In operation when the test set is connected across lines TE-RE of the circuitry of FIG. 5 under the conventional (i.e. non-Centrex) setting, switch 121 is open. The values of the number of digits (here 3) are set in bins 1, 2 and 3. Thus digit select switch 83 is set to connect the line 118 to the line from counter 108 to bin 4 to send (when the latter line is energized) a disable signal to latch 77. Operation of the press-to-dial switch 120 enables the circuitry of FIG. 5. The digit control counter 108 provides the value of the first digit to be dialled to downcounter 109 by energizing counter 108's line to bin 1. Switch control 54 is disabled at NOR gate 111 by a disable signal from dial inhibit control 60, until the voltage checks are completed at comparison devices 58, 64 and 62, but the line to the NOR gate 111 from delay 101 is not disabled (delay 101 being inoperative at this time) and the line to gate 111 from latch 71 is enabled. Thus when the voltage conditions at elements 58, 64 and 62 are satisfied, the disable signal from control 60 is altered to an enable signal and NOR gate 111 is enabled on all inputs to actuate switch control 54 to close switch TS to actuate the telephone office to place dial tone on the line. Control 60 is designed to maintain its output enable signal until reset on termination of operation by the autodialler. Thus variations of voltage during operation of the autodialler do not result in a disable signal from control 60. Such dial tone is detected by detector 82 to provide a signal on line 86 to reset latch 77 causing it to send an enable signal to NOR gate 103. The other inputs to NOR gate 103 being already enabled the enable signal from latch 77 results in a signal from NOR gate 103 to start the clock 104. Clock 104 causes counter 112 to count successive cycles Q0 to Q5. In each cycle, Q1-Q4 is a pulsing break, communicated through elements 71, 111, 54 to open TS for the `break` period. The reset from Q5 to Q0 results in a signal to decrement downcounter 109 by 1. Downcounter 109 was provided with the value of the first digit and is decremented by the completion of each cycle of counter 112 until the downcounter 109 reaches 0 at the same time as counter 112 operating through elements 71, 111 and 54 has pulsed the digit on lines TE, RE by `breaks` in switch TS. When downcounter 109 reaches 0 it sends a pulse to 700 ms delay circuit 106. This results in a 700 ms disable signal to NOR gate 103 and removal of the enable signal to downcounter 109. The disable signal from delay 106 is used to actuate digit control counter 108 to connect to the second digit bin. The 700 ms disable signal at NOR gate 103 disables clock 104 and counter 112 (at position Q0) for the same period. Since the counter 112 is disabled at Q0 for the same period the elements 71, 111 and 54 maintain switch TS closed for the same period, thus providing the 700 ms interdigital pause to the telephone office. At the end of 700 ms delay 106 again sends an enable signal to NOR gate 103 starting clock 104 and counter 112.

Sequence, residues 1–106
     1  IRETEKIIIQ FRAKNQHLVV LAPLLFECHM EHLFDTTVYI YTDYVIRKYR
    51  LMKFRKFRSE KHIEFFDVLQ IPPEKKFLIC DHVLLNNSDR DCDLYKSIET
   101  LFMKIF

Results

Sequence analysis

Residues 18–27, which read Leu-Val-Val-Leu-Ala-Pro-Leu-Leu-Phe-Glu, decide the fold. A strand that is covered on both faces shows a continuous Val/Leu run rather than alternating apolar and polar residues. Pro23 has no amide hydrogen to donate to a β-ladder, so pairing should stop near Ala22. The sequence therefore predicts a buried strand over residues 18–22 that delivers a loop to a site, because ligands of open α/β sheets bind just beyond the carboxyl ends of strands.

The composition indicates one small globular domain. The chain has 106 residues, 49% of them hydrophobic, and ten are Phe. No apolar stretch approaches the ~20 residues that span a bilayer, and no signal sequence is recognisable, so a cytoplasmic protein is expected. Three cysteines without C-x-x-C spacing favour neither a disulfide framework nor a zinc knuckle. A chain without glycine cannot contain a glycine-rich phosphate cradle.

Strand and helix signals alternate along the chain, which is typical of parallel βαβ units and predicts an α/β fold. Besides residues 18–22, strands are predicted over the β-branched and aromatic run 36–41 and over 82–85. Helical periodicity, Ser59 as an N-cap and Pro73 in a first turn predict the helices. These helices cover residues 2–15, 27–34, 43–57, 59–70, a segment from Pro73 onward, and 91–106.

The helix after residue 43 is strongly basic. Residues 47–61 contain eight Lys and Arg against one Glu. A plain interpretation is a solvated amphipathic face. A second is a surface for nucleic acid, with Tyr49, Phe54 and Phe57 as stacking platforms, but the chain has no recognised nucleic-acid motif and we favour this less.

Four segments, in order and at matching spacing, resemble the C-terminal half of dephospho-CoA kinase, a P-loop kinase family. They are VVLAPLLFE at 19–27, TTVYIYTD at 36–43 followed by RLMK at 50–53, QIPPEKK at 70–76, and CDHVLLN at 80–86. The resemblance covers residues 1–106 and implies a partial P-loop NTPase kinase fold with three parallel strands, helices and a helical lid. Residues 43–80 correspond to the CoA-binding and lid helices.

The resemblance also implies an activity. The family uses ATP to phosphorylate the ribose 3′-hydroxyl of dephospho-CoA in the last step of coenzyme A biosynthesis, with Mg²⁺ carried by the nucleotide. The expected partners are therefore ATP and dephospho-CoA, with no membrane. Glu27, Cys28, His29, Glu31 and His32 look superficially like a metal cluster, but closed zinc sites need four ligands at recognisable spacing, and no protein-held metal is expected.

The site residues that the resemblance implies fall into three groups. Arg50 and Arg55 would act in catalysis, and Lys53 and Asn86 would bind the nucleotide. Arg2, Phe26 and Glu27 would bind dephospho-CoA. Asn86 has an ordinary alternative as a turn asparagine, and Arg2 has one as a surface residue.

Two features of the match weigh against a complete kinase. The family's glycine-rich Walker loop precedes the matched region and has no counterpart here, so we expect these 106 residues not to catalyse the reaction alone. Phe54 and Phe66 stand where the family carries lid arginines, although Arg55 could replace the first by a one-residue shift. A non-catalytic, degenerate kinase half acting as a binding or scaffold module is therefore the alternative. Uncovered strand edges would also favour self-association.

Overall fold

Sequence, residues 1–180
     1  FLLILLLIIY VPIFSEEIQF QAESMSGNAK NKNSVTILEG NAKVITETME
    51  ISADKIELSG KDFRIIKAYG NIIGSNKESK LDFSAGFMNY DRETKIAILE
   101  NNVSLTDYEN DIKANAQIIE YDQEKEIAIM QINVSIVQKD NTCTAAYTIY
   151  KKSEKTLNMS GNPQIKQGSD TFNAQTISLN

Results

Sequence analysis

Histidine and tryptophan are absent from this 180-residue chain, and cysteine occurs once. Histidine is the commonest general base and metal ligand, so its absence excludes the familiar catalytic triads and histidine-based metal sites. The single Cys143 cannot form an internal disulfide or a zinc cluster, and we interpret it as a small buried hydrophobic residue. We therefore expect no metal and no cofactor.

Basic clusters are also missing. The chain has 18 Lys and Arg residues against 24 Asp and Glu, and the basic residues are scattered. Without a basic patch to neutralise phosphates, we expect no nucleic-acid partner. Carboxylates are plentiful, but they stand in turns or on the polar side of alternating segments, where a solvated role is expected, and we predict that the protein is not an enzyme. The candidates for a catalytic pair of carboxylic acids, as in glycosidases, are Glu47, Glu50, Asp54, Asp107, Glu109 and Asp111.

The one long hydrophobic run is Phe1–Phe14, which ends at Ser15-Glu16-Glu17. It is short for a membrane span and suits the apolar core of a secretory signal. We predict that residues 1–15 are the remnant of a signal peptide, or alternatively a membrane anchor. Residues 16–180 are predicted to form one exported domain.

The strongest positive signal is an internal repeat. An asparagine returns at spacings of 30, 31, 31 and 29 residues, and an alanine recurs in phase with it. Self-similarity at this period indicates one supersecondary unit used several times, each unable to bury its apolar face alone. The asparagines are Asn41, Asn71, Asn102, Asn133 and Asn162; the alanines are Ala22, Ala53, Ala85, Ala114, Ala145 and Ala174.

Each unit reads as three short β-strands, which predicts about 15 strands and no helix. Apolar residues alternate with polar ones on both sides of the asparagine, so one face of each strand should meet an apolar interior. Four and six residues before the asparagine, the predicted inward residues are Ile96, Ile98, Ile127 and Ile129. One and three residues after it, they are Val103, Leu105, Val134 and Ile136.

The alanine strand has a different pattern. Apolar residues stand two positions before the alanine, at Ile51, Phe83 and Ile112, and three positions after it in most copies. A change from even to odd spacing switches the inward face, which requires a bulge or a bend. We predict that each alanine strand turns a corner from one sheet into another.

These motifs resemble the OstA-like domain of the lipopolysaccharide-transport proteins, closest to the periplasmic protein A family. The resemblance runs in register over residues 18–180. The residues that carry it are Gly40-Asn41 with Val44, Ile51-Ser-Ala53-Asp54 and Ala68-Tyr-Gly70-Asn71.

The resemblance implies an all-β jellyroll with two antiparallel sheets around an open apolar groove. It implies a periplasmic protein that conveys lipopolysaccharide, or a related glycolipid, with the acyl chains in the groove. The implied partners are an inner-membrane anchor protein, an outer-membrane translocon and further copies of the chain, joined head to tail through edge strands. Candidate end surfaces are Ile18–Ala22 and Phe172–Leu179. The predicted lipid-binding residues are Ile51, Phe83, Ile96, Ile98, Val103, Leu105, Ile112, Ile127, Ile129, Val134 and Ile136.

Downcounter 109 is now loaded with the second digit. The clock 104 and counter 112 provide the number of `breaks` at switch TS corresponding to the second digit loaded on downcounter 109. When this number of `breaks` has been completed, downcounter 109 has been decremented to 0 and actuates delay 106 to provide the second interdigital pause. The process is repeated for the third digit. In the example given, three digits were to be sent. When the third digit has been sent and the 700 ms delay thereafter initiated, the resulting disable signal from delay 106 sets digit control counter 108 to the line to bin 4. The digit select switch 83 was set to connect to this line and acts to `set` latch 77. Latch 77 `set` provides a disable signal to NOR gate 103. This causes NOR gate 103 to disable the clock 104 and counter 112. The connection to lines 118-128 from switch 83 provides the disable signal to Digit control counter 108 where it is used to reset this counter. The signal from switch 83 on line 118 is used as a `dialling complete` signal, as indicated in FIG. 6, to set the autodialler circuitry in general. The reset circuitry is not shown but is well known to those skilled in the art. Disabling of clock 104 by latch 77 leaves clock at Q0 so that latch 71 and NOR gate 111 maintain an enable signal to control 54 maintaining switch TS closed to maintain the loop closed at the telephone office which will now send information to the test set (as previously described) in multi-frequency tones.